To help ensure that physician offices are prepared to handle patient demand during the 2006–2007 flu season, the AAFP and other organizations are advising that physicians order their inactivated influenza vaccine now. Sanofi Pasteur, the only manufacturer that sells directly to practices, has reportedly pre-booked all of its influenza vaccine supply (except pediatric doses) planned for the next season. However, practices can still place influenza vaccine orders with the companies listed below, which have been identified as distributors by the manufacturers.

Even practices that order early could face difficulties obtaining enough vaccine if last year’s manufacturing and distribution problems continue. To reduce such problems, the AAFP suggests that family physicians divide their order to obtain vaccines from multiple manufacturers, rather than relying on a single company. Family physicians may also benefit from group purchase arrangements that may be available through hospitals, nursing homes or other organizations. A list of group purchasing organizations can be found at

Practices may also be able to obtain vaccine from sources such as the Vaccines for Children (VFC) program (see for information on becoming a VFC provider).

DistributorPhoneWeb Site
Henry Schein(800)
Henry Schein / GIV(800)
Henry Schein / Caligor(888)
ASD Healthcare(866)
FFF Enterprises(800)
CuraScript (formerly Priority Healthcare)(800)
PSS/World Medical(904)
Seacoast Medical(800)

Coalition aims to reduce physicians' administrative hassles

A coalition formed recently to identify strategies to simplify the administrative paperwork associated with operating a medical practice is gaining support. The Healthcare Administrative Simplification Coalition (HASC) is led by the AAFP, the American Health Information Management Association and the Medical Group Management Association (MGMA) and now includes members such as the American College of Physicians, Humana and Microsoft.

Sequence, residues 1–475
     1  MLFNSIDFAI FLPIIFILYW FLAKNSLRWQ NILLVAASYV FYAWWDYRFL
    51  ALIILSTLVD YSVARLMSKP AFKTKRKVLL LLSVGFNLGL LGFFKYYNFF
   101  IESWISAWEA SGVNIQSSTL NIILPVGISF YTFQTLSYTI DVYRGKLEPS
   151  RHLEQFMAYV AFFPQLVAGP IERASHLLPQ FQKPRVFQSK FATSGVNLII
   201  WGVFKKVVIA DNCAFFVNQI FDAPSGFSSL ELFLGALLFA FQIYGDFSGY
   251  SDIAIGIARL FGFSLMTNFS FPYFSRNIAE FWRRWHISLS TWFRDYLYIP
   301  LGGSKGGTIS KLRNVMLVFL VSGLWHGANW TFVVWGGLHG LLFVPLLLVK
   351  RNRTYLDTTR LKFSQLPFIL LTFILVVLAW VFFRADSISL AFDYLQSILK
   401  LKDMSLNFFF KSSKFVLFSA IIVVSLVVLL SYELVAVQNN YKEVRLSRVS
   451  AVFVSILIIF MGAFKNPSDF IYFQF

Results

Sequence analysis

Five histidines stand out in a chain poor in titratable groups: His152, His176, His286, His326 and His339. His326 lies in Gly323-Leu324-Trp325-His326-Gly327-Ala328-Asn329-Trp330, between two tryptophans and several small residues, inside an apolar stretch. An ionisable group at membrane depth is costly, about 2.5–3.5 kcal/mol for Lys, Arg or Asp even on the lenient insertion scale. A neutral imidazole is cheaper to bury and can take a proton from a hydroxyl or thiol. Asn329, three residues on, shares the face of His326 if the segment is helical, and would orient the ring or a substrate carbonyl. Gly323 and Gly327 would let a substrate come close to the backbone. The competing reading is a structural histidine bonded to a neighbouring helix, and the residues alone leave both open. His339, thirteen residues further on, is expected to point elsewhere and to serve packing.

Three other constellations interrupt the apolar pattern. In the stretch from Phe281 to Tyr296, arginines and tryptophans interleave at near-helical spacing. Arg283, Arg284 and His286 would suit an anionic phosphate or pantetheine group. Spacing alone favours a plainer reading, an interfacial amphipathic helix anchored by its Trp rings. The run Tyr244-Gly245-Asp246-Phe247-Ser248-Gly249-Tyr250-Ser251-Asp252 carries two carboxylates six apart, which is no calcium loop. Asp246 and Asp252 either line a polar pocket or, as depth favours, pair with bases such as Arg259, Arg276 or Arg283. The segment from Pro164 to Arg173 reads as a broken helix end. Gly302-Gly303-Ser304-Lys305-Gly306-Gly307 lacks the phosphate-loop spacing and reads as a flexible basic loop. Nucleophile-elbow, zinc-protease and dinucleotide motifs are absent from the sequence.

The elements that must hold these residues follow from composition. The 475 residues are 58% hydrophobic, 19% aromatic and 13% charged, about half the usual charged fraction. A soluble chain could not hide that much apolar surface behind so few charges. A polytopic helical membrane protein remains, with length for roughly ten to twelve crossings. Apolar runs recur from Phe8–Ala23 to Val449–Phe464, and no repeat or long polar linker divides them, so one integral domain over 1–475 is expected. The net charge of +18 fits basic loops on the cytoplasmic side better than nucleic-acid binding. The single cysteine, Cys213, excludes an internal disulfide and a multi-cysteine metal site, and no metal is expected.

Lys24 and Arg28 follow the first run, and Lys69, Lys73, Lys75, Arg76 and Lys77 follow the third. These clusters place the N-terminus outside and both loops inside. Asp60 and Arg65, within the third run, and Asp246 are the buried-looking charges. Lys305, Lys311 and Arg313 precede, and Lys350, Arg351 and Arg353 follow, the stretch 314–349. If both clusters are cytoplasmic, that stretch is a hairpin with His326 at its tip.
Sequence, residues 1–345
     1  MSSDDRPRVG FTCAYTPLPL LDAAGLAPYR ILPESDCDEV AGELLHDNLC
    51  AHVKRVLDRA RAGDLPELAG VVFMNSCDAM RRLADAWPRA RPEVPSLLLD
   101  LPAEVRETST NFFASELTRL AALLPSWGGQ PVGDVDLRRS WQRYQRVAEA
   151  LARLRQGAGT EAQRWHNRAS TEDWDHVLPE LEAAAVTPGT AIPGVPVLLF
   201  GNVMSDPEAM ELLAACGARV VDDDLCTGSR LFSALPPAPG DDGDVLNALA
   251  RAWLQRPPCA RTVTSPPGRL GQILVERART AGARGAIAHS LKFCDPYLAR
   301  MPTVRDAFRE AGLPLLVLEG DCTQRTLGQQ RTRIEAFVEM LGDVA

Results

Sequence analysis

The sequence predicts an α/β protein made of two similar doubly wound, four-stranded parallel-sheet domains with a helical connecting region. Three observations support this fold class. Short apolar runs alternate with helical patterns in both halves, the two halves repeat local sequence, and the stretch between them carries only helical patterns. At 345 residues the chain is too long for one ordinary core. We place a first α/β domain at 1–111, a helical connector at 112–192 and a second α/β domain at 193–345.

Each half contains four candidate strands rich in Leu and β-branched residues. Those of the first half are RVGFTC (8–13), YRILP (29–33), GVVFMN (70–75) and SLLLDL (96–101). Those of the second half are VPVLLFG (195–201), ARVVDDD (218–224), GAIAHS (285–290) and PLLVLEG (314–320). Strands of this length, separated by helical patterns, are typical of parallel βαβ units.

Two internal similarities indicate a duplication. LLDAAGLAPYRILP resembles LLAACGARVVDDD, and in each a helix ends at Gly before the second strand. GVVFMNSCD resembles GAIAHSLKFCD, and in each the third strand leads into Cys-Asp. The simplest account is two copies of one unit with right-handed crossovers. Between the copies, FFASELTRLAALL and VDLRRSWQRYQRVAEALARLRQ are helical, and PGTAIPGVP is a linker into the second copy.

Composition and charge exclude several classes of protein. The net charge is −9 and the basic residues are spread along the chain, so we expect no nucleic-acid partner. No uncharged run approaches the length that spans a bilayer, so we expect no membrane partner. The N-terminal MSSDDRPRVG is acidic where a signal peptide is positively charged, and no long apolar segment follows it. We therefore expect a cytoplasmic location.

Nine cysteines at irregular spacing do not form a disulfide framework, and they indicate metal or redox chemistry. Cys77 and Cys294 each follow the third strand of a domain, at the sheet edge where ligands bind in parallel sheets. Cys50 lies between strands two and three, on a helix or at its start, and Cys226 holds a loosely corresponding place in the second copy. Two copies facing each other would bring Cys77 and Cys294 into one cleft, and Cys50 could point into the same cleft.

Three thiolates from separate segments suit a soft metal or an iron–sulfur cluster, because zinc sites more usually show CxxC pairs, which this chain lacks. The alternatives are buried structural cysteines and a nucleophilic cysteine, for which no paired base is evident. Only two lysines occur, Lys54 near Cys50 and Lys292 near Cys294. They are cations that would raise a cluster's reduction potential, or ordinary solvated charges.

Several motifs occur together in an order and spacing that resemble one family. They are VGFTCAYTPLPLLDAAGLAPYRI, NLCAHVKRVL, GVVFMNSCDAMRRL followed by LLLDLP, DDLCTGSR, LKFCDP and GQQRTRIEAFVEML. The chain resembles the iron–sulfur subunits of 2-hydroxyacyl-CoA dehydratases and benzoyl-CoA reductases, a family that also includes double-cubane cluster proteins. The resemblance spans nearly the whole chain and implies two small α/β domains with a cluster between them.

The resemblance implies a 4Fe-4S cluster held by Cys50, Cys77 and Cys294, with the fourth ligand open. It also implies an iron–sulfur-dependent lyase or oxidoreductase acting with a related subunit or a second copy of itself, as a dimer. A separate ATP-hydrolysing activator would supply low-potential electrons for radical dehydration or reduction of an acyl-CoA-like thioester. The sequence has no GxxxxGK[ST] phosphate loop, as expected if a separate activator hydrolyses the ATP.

“Much of the waste generated in our system is a result of administrative busywork or redundancies that add no value to the patient, provider or payer,” says William F. Jessee, MD, president and CEO of the MGMA.

Data from the MGMA Center for Research indicates that administrative tasks for a 10-physician group can cost almost $250,000 annually.

So far, the coalition has supported initiatives to use a standardized online credentialing process and to develop operating rules to ease verification of patients’ insurance coverage (see It has also endorsed a project to make patient financial communications clear, concise, correct and patient-friendly (see

99214s on the rise

The percentage of established-patient office-visit services coded as 99214 by family physicians under Medicare has increased from 20 percent in 2002 to 25.6 percent in 2004, according to data from CMS. The percentages for codes 99212 and 99213 have decreased.

Medicare allowed services provided by family physicians
E/M codeNumberPercentage of totalNumberPercentage of totalNumberPercentage of total

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Copyright © 2006 by the American Academy of Family Physicians.